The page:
Victorian London on Film

The very first moving pictures of London were taken by the cinematographic pioneer William Friese-Green in January 1889. He filmed Apsley Gate near Hyde Park Corner – the first moving picture in the world to use celluloid, but not (quite) the world’s first movie; Louis le Prince had filmed Roundhay Park and Leeds Bridge the previous year.

Friese-Green’s film does not survive, but Yestervid.com have included the oldest-surviving footage (ten frames of Trafalgar Square) from 1890 in their compilation below. It was shot by the splendidly named Wordsworth Donisthorpe on a film camera of his own invention. This was obviously an incredible time for cinematographic pioneers – we’ve already mentioned three inventors with their very different processes and in the US Edison had patented his Kinetograph, to be followed in 1895 by the Lumiere brothers and their Cinématographe.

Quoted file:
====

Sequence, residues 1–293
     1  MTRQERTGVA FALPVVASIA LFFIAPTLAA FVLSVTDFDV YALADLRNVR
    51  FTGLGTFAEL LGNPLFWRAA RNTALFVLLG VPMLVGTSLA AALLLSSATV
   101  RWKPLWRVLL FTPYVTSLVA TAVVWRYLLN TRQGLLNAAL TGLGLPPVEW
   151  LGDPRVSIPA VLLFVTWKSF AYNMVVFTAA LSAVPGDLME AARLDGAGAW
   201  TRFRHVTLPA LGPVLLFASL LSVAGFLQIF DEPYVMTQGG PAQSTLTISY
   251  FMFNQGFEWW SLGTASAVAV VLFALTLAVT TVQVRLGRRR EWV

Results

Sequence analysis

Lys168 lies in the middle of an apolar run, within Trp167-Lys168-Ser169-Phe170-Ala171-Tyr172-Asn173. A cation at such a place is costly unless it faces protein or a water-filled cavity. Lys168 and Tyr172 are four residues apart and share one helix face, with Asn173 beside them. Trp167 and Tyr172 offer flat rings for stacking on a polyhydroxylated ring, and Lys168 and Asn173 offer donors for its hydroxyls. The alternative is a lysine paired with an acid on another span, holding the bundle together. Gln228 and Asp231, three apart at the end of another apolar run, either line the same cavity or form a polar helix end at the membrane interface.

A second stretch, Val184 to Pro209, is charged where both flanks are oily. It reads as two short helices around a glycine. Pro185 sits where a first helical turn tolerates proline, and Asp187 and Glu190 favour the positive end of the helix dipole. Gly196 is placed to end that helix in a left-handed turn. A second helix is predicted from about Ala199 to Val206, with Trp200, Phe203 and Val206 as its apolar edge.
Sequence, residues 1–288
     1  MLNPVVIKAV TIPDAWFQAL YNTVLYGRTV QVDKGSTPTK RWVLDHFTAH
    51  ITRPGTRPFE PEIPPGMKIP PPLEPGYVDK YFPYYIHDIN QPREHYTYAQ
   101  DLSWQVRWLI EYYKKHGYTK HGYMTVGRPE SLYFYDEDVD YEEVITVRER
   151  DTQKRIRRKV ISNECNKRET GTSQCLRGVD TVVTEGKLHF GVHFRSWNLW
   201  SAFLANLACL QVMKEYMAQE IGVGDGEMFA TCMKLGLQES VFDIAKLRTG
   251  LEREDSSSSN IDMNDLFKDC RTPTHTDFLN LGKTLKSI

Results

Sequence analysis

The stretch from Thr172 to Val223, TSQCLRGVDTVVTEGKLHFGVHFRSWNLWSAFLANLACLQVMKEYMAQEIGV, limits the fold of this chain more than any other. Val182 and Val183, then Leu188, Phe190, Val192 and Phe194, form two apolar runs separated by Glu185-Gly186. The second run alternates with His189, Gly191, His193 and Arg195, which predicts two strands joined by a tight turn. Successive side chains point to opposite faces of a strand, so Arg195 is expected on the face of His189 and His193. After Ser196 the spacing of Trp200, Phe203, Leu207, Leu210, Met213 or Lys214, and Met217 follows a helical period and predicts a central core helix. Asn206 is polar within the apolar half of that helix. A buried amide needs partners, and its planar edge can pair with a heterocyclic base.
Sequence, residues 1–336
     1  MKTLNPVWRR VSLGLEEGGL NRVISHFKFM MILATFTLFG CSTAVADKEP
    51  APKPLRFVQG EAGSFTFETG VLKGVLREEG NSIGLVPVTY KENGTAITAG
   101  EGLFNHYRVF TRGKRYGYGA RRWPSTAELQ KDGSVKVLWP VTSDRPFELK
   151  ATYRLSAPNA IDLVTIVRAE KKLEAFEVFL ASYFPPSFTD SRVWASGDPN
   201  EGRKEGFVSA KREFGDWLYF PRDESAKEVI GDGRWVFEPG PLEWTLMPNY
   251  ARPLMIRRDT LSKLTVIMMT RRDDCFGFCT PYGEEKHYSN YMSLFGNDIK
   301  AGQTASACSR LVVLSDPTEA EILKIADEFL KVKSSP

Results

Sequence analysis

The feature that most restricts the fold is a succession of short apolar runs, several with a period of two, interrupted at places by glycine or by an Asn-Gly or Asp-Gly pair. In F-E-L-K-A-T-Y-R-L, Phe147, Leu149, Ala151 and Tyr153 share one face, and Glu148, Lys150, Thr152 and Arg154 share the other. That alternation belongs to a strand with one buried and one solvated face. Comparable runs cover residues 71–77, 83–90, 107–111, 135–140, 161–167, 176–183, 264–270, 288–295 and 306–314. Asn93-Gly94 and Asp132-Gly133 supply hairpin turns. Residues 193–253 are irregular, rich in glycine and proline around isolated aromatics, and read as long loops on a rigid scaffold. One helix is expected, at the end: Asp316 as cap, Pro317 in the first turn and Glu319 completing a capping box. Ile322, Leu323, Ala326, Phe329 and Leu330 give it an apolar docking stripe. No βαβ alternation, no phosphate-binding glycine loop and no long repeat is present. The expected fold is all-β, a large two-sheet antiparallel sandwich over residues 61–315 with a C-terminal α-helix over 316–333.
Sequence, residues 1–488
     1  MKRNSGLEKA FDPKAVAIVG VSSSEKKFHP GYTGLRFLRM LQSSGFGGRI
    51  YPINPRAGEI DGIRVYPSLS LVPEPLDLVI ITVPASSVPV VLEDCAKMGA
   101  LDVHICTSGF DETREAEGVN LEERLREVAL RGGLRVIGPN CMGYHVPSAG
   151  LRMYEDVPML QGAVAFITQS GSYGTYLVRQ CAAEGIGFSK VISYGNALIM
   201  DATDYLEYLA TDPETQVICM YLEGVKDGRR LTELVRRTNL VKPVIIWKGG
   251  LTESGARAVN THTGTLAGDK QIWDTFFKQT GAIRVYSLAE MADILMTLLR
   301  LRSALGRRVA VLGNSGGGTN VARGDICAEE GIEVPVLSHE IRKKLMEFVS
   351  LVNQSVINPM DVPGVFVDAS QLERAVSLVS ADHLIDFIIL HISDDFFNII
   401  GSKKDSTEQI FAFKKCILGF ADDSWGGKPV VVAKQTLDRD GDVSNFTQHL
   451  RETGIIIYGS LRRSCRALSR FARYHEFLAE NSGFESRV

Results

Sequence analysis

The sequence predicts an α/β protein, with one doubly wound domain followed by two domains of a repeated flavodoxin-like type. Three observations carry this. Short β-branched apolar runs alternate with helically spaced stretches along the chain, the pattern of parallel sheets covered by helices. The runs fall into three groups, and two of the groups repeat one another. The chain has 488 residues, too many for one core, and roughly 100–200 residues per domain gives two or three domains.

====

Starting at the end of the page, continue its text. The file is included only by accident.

There are clips of Lumiere brothers’ films of London from 1896 in the compilation, along with films from the early 20th century. Generally speaking (where the film quality is good enough to make out detail) the places filmed are still recognisable today although look at the backgrounds and you will see much has changed. The films also cover an interesting period when the horse gives way to the motor – there are no cars to be seen in the 1896 shots, but by the 1920s horse drawn vehicles have all but disappeared.

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